NIM is a studio management solution, spun out from an in house team at LA post facility Ntropic. NIM is intended to provide effective ways to measure and visualize production studio workflows, from production planning to project management through to full real time financial analysis.
It is a unique solution as it is very much designed to track financial information alongside project progress. This enables deep business intelligence for creative studios both large and small. This is both critical and one of the most over looked aspects of successful VFX production.
In a world where the tools are increasingly open source and team members are fluid to move between projects, the most critical aspect to long term success is managing your VFX business. But in saying that, one needs to define success. People are quick to think ‘success’ is profit, especially when talking about project management software. But both Ntropic and the NIM Labs think of success in it’s correct incarnation: success for all stakeholders. This is not just hype. The team firmly believe if you can have staff who are not frustrated by pointless wasted work or rework, if you can have clients whose expectations are not only matched but exceeded, if you can balance project workflow to avoid burning out your staff, and give your artists and your producers time to be creative and innovative, and make a profit – you have the secret to long term sustainable success.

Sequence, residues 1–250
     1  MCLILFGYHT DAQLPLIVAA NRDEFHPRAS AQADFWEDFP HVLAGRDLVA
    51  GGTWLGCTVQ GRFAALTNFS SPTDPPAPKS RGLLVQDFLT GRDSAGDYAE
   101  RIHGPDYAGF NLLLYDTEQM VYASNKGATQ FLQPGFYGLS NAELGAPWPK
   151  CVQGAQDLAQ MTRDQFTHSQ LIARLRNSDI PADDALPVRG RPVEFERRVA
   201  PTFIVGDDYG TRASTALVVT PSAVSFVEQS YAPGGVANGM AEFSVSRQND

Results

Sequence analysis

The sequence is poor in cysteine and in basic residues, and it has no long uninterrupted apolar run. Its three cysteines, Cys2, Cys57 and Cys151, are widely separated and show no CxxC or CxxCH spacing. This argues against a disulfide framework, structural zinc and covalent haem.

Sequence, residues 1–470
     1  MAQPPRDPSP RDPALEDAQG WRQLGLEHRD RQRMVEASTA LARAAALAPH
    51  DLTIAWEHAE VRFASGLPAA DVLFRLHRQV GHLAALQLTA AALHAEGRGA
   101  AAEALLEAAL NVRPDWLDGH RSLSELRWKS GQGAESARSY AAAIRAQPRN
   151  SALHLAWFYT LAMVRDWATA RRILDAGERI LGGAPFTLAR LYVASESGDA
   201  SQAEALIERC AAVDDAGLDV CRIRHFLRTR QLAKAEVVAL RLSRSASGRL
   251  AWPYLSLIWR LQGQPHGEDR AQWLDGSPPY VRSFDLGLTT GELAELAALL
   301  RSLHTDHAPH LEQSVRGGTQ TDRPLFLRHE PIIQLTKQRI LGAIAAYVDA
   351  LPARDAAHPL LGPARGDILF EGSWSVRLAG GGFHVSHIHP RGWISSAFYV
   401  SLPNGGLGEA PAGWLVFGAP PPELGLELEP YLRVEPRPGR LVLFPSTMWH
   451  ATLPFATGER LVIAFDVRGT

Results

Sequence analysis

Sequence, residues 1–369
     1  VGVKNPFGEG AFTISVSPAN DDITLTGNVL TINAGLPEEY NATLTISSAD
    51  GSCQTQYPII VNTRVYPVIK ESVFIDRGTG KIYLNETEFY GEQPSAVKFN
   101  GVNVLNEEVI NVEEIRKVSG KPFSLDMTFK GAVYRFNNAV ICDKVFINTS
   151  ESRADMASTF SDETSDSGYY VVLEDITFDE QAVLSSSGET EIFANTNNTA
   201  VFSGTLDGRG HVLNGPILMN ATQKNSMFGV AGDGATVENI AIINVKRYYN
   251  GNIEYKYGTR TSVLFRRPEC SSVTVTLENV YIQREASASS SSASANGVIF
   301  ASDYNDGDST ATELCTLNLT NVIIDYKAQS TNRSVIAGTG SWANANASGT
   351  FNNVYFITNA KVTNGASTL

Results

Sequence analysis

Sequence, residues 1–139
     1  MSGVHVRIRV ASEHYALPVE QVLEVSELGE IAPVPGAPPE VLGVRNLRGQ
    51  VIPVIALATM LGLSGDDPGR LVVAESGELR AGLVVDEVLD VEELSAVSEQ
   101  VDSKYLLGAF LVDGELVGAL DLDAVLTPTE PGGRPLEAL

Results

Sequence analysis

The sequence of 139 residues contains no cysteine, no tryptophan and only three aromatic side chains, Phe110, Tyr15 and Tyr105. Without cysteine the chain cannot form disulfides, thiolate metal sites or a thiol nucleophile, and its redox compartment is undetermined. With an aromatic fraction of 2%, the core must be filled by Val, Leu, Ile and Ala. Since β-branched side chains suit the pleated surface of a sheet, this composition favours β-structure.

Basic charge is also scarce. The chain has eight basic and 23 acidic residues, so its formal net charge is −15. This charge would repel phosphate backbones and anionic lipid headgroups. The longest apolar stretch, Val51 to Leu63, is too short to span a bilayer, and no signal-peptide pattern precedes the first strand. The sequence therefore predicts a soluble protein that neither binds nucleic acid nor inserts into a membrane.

NIM 3.0 and Adobe
A new version of the team’s NIM software has just been released. NIM Labs’ latest version is NIM 3.0, and in it, the team redesigned its shot review toolset and added new customisable templates for bidding on jobs. It also improves a range of functions and extends the product to cover even more industry applications.
After years of building NIM Connectors into Maya, Houdini, 3ds Max, Nuke and Flame, NIM Labs now also has a direct workflow for Adobe Premiere. This is NIM’s third Adobe product connection, following After Effects and Photoshop. With the October NIM 3.0 release, Premiere is integrated to work as a powerful conform tool and effects editor. Editors can do everything from creating timeline shots to round-tripping elements rendered in other packages, all without leaving the App. Due to the v3.0 NIM Connector, the creative review process can be conducted from within Premiere, creating a seamless experience that saves time.
NIM 3.0 is now shipping, with pricing starting from $40/month or $360/year. NIM is delivered as a preconfigured Ubuntu Server virtual appliance. A virtual appliance (VA) is a virtual machine (VM) image file consisting of a pre-configured operating system environment and a single application. The purpose of a virtual appliance is to simplify delivery and operation of an application. Users can use virtualisation tools like VirtualBox or vSphere to run the virtual machine on Windows, other flavours of Linux, and Mac OS X.
The new software shipped a couple of weeks ago, but we caught up with the team just prior to its release.